The amyloid precursor protein (APP) is a type I transmembrane glycoprotein widely studied for its role as the source of β-amyloid peptide, accumulation of which is causal in at least some cases of Alzheimer’s disease (AD). APP is expressed ubiquitously and is involved in diverse biological processes. Growing bodies of evidence indicate connections between AD and somatic metabolic disorders related to type 2 diabetes, and App-/- mice show alterations in glycemic regulation. We find that App-/- mice have higher levels of insulin-degrading enzyme (IDE) mRNA, protein, and activity compared with wild-type controls. This regulation of IDE by APP was widespread across numerous tissues, including liver, skeletal muscle, and brain as well as cell types within neural tissue, including neurons, astrocytes, and microglia. RNA interference-mediated knockdown of APP in the SIM-A9 microglia cell line elevated IDE levels. Fasting levels of blood insulin were lower in App-/- than App+/+ mice, but the former showed a larger increase in response to glucose. These low basal levels may enhance peripheral insulin sensitivity, as App-/- mice failed to develop impairment of glucose tolerance on a high-fat, high-sucrose (“Western”) diet. Insulin levels and insulin signaling were also lower in the App-/- brain; synaptosomes prepared from App-/- hippocampus showed diminished insulin receptor phosphorylation compared with App+/+ mice when stimulated ex vivo. These findings represent a new molecular link connecting APP to metabolic homeostasis and demonstrate a novel role for APP as an upstream regulator of IDE in vivo.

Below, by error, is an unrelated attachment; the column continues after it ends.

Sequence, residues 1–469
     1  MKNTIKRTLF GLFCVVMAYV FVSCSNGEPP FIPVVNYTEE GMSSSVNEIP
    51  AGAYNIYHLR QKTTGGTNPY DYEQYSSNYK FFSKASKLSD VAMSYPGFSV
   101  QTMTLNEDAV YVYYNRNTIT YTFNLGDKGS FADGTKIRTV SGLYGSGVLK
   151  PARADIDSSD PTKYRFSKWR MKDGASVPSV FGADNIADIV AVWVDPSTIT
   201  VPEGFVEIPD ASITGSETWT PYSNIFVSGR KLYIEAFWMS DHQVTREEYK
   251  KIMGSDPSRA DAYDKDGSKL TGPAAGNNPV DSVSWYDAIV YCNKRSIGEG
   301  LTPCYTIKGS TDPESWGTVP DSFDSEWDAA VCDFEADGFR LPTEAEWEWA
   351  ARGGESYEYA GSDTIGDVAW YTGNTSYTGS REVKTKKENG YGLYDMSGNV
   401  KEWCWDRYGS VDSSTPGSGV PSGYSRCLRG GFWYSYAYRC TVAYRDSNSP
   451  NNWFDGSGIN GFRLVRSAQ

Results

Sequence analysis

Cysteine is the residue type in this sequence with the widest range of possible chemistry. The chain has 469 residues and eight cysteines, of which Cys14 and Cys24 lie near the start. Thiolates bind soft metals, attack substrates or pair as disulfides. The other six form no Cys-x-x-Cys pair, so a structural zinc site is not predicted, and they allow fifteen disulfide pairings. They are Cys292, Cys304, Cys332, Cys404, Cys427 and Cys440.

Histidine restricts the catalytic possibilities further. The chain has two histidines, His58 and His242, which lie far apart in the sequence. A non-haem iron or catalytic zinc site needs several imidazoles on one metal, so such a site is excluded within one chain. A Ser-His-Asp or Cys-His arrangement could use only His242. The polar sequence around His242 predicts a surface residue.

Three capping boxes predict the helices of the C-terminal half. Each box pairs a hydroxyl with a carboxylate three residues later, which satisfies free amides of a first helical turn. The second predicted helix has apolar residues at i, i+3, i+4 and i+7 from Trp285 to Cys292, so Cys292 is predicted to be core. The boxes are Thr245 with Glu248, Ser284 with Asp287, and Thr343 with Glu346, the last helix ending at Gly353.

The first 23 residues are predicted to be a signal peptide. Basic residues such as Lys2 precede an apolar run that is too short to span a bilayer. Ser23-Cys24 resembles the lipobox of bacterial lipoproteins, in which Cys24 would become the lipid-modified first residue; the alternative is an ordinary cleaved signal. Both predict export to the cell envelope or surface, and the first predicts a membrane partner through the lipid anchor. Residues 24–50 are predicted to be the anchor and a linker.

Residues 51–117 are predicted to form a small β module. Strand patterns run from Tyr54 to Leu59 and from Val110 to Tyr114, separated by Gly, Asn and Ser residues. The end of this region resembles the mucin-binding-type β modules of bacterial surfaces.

|Journal||American Journal of Physiology - Endocrinology and Metabolism|
|State||Published - Jan 2019|
- Alzheimer’s disease
- Amyloid precursor protein
- Insulin-degrading enzyme